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“We don’t call them ‘controlled burns,’” says Steve Glass at the University of Wisconsin-Madison Arboretum, “because you can’t really control a fire, only contain it.” Fire can be a boon for meadows and prairies, improving soil quality and growing conditions for native grasses and forbs. We take a look at Longwood Gardens and a prairie managed by the U.S. Army at Fort Lewis in Washington State and why they welcome fire on their lands.
Matt Ritter, the author of A Californian's Guide to the Trees Among Us, and a botany professor, talks about the difference between the cultivated and invasive trees, which trees are taking over California, and why poor neighborhoods seem to have fewer types of trees.
In today's from Garden to Table column, Katie Mendelson reviews Sunset magazine's new book The One-Block Feast, about the staff's experience in growing, cooking, and eating their own food at their California headquarters. Plus: A recipe for pattypan squash with eggs baked inside!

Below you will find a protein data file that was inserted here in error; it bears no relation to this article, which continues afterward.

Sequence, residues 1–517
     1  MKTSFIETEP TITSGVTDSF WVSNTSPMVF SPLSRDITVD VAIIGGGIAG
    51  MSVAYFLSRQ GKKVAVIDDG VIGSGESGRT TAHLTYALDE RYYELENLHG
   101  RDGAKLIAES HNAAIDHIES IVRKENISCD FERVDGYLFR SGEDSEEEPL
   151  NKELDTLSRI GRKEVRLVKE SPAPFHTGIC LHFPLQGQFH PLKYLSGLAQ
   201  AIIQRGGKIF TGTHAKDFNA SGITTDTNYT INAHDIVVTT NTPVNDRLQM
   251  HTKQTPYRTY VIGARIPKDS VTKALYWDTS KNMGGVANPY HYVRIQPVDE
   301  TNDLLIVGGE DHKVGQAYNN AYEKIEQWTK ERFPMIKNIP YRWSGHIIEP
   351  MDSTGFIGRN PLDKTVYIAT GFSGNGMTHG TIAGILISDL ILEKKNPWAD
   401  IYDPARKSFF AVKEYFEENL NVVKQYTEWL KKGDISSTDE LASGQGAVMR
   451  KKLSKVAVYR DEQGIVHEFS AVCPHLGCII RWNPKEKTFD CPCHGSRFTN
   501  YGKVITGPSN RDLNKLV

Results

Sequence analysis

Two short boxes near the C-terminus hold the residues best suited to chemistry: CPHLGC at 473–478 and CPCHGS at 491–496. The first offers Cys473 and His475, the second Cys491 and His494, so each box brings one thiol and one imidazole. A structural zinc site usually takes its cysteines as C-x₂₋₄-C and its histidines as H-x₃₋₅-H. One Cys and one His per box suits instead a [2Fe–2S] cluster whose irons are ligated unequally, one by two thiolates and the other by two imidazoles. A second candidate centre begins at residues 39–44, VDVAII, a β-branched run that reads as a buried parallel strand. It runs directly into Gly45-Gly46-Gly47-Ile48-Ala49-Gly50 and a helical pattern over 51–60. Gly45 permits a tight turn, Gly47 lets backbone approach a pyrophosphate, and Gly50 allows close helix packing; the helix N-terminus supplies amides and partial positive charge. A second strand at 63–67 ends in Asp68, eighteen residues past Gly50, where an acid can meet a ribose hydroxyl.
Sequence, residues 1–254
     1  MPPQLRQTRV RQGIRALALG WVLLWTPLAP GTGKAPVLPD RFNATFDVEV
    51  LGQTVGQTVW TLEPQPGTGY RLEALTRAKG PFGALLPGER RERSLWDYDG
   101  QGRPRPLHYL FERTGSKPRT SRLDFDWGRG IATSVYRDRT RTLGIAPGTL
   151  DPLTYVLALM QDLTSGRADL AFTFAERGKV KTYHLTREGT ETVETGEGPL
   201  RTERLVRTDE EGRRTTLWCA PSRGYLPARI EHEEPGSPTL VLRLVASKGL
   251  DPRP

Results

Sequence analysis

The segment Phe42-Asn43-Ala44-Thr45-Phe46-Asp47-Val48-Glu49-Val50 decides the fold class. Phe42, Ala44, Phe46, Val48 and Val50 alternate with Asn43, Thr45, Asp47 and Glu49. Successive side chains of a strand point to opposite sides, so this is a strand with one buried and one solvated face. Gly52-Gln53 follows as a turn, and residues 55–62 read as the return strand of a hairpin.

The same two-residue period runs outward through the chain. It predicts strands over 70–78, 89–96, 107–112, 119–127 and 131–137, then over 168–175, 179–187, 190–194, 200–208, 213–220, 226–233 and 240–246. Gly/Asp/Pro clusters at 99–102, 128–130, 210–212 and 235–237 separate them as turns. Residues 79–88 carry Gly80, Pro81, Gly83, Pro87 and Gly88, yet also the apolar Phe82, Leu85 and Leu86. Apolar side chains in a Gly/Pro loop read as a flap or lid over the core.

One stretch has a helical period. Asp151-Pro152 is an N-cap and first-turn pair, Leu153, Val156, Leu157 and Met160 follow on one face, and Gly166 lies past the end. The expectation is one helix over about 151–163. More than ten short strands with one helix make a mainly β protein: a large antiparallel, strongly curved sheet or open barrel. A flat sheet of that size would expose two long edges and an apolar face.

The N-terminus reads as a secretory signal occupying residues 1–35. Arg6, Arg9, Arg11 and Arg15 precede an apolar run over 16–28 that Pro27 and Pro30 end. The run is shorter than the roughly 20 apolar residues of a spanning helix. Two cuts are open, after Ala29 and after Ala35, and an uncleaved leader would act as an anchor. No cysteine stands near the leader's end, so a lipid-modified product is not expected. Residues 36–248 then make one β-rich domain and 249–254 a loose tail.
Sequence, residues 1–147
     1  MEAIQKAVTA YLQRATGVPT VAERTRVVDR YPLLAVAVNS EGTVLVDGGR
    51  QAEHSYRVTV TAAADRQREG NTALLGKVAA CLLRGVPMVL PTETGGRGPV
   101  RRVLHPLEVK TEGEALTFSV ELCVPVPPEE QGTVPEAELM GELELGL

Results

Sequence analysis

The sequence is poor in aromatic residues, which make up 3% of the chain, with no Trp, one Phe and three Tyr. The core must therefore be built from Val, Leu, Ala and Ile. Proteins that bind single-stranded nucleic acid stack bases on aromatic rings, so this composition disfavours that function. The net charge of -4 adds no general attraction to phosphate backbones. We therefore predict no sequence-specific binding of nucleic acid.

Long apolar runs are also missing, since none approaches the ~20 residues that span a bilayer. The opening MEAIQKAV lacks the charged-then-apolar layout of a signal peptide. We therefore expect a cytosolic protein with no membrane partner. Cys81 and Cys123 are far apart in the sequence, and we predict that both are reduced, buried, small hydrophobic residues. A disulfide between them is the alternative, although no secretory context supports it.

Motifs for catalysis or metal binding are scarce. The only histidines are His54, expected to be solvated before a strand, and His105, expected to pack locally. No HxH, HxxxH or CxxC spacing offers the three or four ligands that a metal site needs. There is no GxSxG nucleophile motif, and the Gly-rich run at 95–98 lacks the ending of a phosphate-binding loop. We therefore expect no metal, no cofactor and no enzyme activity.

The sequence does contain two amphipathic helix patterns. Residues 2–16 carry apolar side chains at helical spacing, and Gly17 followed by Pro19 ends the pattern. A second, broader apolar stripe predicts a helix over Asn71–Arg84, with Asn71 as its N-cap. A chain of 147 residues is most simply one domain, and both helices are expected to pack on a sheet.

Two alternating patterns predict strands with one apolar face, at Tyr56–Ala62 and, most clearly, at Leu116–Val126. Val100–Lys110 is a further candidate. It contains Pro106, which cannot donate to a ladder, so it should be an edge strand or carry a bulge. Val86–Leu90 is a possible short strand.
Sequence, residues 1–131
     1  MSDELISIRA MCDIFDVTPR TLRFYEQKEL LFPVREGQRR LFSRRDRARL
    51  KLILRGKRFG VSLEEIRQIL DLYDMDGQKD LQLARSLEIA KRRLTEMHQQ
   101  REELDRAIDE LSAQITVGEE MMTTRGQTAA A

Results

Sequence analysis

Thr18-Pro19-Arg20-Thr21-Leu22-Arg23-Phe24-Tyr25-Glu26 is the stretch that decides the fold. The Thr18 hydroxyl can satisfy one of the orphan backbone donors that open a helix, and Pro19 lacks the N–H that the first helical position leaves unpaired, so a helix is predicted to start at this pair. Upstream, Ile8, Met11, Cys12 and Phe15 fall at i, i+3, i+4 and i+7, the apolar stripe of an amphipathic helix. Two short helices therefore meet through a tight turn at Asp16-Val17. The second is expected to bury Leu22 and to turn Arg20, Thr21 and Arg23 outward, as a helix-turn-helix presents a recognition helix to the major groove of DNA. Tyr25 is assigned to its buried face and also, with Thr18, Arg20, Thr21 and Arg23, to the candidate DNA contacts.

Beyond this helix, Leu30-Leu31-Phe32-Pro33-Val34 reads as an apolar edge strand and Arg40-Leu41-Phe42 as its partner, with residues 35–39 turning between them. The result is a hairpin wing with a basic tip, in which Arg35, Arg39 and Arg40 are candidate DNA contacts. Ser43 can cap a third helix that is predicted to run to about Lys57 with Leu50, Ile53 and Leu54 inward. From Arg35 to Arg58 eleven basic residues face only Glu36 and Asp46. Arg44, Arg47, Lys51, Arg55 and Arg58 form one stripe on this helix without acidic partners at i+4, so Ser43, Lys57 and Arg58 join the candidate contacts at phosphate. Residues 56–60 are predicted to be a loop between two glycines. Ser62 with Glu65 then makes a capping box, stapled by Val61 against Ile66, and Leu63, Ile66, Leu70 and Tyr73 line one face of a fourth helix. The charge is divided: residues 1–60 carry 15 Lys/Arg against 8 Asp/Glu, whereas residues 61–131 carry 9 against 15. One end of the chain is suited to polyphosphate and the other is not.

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In honor of football and chrysanthemum season, we bow before a floral tradition specific to Texas: homecoming mums. 
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Experimentation and fun transform the aesthetics of green roofs.
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When The Hunger Games sequel, Catching Fire opens this Friday, early reviews say the dramatic and subversive storyline will not disappoint its ravenous fans. In anticipation, we pulled this article from our archives as a horticultural hat tip to Suzanne Collins and The Hunger Games trilogy.
Exquisite new blooms from the land of the rising sun. 
American artist Jonathon Keats designed a Photosynthetic Restaurant, where plants are nourished with cocktails of individual wavelengths. Acrylic filters control the sunlight that reaches the plants, offering a tasting menu designed to enhance a plant's energy and experience. Menu options include traditional, avant-garde, and spicy. 
Discovered as a seedling of Euphorbia characias in a garden in Tasmania, this phenomenal spurge has both variegated leaves and flowers, combining blue-green with creamy white. Upright stems are a forest of linear leaves, forming a dense shrubby mound. In spring through early summer, large heads of flowers hover on 2- to 3-foot stems, pale yellow and cream, with small green bow-tie centers. Evergreen where winters are mild. Zones 6-9.
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